My First Two Jobs “Weren’t Hiring” — Here’s How I Got In Anyway
In ancient Rome, members of the social elite would often appoint an anteambulo — which translates to “one who clears the path.” An anteambulo was typically a writer or performer who was talented but lacked resources to move upward — they were First Century starving artists.
This anteambulo would literally walk in front of his patron, clearing both the metaphorical and physical paths: communicating messages, finding opportunities, eliminating inefficiencies, and making the patron’s life easier. In exchange, the anteambulo would receive food, housing, protection, and — if he played his cards right — a career.
Aside from being born into the upper crust of society, becoming an anteambulo was arguably the most efficient way to ascend the social hierarchy. You traded favors for favors. The person who cleared the path could ultimately determine his own destination.
Fast forward 2,000 years and the concept of an anteambulo is, tragically, little more than a relic of ancient history. But the underlying principle may be the most valuable piece of career advice out there. It allows you to eschew traditional hiring processes and essentially hack the system.
Let me explain.
After finishing an internship with a marketing agency during my senior year in college, I told my boss I wanted to parlay my gig into a full-time career. There was only one problem: They weren’t hiring. I was tempted to start cold calling random agencies who were actively seeking entry-level employees, but I had recently read about the anteambulo concept in Ryan Holiday’s Ego Is the Enemy and decided to give it a shot.
What could I do to make these guys’ lives easier?
How could I turn this into a favor for them instead of a favor for me?
What could I bring to the table to make their agency better?
With those questions in mind, I typed a (lengthy) “reverse offer letter” to the senior partners outlining what I wanted to do for them:
I will write a book with you.
I will manage the agency’s blog and newsletter.
I have fresh creative ideas that I want to share with your clients.
And much more.
I didn’t request a salary nor a title — I just wanted to work. After a few email exchanges, I had a job offer and started the following month. Holiday was right: If you make yourself useful enough, it doesn’t matter who’s hiring.
15 months later, I needed a change of pace. Through a chance encounter, I met a VP from NoCoast Originals and mentioned I was open to new opportunities. She thought I’d mesh well the team, but of course, they didn’t have any open positions.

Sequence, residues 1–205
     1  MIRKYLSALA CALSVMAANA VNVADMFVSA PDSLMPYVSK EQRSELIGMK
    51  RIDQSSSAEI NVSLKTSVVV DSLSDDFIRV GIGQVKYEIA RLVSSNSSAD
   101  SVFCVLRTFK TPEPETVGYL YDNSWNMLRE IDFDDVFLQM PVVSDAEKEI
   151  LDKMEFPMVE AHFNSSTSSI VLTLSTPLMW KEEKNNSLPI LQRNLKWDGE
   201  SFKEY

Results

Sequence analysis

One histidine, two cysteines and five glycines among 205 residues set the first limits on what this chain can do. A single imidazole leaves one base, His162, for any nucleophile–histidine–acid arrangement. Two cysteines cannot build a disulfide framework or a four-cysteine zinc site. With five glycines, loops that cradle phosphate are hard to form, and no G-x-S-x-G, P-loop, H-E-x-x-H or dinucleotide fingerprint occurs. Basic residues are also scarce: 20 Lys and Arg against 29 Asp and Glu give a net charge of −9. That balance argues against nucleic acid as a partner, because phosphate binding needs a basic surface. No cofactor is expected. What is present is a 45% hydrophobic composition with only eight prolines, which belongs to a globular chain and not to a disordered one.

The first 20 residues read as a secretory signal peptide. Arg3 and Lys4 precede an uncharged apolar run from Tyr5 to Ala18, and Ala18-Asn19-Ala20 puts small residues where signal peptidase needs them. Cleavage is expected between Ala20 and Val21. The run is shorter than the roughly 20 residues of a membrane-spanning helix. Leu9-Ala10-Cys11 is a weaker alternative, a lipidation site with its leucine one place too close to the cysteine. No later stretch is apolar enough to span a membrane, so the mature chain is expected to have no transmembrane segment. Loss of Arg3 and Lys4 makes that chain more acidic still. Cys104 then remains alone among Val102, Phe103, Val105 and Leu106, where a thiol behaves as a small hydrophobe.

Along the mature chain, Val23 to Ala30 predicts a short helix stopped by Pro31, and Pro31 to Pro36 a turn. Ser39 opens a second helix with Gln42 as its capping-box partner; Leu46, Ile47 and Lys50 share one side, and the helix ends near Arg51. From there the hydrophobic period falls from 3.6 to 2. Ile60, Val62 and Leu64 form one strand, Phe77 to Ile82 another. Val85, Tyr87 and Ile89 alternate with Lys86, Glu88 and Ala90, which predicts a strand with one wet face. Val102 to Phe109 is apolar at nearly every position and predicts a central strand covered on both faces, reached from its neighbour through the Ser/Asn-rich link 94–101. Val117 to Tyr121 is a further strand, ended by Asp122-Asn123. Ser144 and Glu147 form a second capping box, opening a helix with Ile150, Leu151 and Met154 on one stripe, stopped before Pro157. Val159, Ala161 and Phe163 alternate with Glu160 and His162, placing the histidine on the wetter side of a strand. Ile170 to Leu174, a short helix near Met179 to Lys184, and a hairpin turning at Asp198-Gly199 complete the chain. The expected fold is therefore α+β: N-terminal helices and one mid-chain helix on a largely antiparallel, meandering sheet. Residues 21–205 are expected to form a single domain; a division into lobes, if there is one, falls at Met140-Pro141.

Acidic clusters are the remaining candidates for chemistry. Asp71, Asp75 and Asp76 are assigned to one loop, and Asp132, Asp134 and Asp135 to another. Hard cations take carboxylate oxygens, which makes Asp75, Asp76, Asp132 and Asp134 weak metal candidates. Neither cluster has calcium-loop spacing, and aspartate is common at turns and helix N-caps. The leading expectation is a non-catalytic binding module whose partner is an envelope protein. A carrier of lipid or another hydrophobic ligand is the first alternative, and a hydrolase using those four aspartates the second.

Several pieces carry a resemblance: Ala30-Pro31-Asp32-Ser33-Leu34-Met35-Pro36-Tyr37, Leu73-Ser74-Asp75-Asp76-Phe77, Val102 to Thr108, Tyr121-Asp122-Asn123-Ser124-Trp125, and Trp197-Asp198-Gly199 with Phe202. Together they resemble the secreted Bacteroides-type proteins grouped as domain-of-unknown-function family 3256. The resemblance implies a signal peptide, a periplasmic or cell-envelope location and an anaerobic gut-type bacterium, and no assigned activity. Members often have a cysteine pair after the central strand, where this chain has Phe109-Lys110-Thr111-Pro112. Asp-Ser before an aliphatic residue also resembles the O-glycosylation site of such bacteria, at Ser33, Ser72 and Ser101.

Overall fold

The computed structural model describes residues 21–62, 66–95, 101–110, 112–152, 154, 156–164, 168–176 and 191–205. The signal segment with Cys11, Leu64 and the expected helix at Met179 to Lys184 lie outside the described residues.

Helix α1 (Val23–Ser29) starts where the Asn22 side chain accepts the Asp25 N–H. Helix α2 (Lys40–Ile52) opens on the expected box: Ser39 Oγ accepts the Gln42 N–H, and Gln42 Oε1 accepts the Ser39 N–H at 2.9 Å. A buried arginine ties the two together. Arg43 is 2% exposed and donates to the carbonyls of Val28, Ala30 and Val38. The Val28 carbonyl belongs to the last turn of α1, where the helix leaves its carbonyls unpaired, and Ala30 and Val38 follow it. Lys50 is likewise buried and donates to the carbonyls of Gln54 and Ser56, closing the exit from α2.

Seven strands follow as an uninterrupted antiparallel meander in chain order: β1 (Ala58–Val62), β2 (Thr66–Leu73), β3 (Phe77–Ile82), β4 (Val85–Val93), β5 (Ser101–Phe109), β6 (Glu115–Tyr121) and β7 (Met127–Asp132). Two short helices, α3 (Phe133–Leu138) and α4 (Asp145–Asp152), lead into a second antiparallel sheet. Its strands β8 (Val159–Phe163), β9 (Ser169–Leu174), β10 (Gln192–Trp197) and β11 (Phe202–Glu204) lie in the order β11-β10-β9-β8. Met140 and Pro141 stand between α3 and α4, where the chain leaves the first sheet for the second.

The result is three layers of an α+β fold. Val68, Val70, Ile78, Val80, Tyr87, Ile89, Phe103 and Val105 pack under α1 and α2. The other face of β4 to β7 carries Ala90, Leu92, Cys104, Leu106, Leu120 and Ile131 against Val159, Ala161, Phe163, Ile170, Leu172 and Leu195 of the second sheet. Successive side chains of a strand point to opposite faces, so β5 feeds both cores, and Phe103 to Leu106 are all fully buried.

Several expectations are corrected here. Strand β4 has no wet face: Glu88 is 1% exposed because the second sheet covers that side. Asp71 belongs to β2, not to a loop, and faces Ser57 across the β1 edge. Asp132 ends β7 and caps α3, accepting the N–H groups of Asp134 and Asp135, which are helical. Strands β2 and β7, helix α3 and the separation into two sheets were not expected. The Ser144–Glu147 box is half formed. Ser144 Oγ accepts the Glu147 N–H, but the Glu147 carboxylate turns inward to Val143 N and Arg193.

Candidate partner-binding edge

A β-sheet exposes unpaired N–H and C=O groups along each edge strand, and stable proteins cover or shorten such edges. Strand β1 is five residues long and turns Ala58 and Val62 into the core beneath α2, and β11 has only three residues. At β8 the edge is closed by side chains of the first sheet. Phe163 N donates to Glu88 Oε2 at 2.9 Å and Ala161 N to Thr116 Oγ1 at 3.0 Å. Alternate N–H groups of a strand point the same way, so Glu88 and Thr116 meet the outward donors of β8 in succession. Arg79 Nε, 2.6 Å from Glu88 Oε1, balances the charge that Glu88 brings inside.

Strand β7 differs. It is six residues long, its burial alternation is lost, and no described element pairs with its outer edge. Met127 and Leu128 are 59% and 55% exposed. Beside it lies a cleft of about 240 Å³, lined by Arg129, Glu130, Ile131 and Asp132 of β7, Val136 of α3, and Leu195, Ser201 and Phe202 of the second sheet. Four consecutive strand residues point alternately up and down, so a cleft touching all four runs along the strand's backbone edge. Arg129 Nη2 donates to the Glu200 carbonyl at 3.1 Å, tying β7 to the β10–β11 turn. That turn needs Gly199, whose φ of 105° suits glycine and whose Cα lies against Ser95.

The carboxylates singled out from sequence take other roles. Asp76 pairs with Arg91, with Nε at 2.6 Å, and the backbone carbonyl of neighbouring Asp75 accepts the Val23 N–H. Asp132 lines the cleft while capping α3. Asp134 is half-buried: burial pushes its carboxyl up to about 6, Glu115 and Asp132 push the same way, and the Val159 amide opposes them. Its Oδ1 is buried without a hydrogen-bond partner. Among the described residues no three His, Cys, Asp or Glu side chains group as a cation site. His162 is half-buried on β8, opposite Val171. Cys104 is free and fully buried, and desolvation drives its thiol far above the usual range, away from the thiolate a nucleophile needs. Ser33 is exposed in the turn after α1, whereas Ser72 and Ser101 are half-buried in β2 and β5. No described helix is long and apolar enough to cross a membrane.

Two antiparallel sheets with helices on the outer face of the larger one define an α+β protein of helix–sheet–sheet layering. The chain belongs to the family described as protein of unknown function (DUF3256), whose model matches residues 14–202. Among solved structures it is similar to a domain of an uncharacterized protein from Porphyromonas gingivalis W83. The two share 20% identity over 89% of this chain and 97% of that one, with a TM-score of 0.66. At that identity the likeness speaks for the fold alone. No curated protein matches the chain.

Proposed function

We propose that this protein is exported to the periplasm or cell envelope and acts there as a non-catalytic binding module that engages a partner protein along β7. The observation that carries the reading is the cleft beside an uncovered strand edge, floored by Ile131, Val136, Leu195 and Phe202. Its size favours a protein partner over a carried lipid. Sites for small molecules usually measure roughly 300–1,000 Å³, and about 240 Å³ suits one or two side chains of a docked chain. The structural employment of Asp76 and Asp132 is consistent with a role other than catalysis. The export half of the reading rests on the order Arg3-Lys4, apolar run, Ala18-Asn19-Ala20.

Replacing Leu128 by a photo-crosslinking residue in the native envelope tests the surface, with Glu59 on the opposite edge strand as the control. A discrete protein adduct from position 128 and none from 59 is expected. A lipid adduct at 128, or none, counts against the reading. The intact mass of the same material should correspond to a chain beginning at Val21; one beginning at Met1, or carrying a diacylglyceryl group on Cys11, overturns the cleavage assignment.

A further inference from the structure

I tried the same strategy, but this time the wheels got stuck in the mud. After two reverse offer letters and four meetings, nothing had transpired. So instead of bringing ideas to the table, I brought something better: a client.
Through that VP, I met a public figure who wanted to write a book, but didn’t have the time nor the writing chops to go at it alone. I told him I’d love to collaborate with him to write it and brought the idea to the partners at NoCoast. I explained that the project could open new doors for their agency, and most importantly, pay for my salary.
I’m not saying this process is an exact science. It might not work in every industry. But what do you have to lose by hustling? The worst case scenario is being ghosted via email; the best case is a new job. Everyone is waiting to be swept off their feet — they just don’t know it.
A few additional notes on this anteambulo stuff:
- The best jobs aren’t on Indeed or LinkedIn. You’ll be happier if you carve out your own niche, especially if you like to create stuff.
- If you have to wait for an assignment to be given to you, you’re doing something wrong.
- Your job is to make your boss’s life easier, not make your own life harder.
- It’s not about optics (working long hours, playing martyr) — it’s about efficiency and execution.
- Don’t expect to take credit for your work. In fact, letting important people take credit for your ideas is half the battle.
Oh, and most importantly, don’t expect any of this to happen overnight. So, stay on the radar, but don’t be a creep. Send an interesting email every couple of weeks. Ask smart questions. Work for free.
Remember, “Create a job that doesn’t exist for someone we don’t know” is about as close to the bottom of a busy person’s to-do list as you can get. Act accordingly.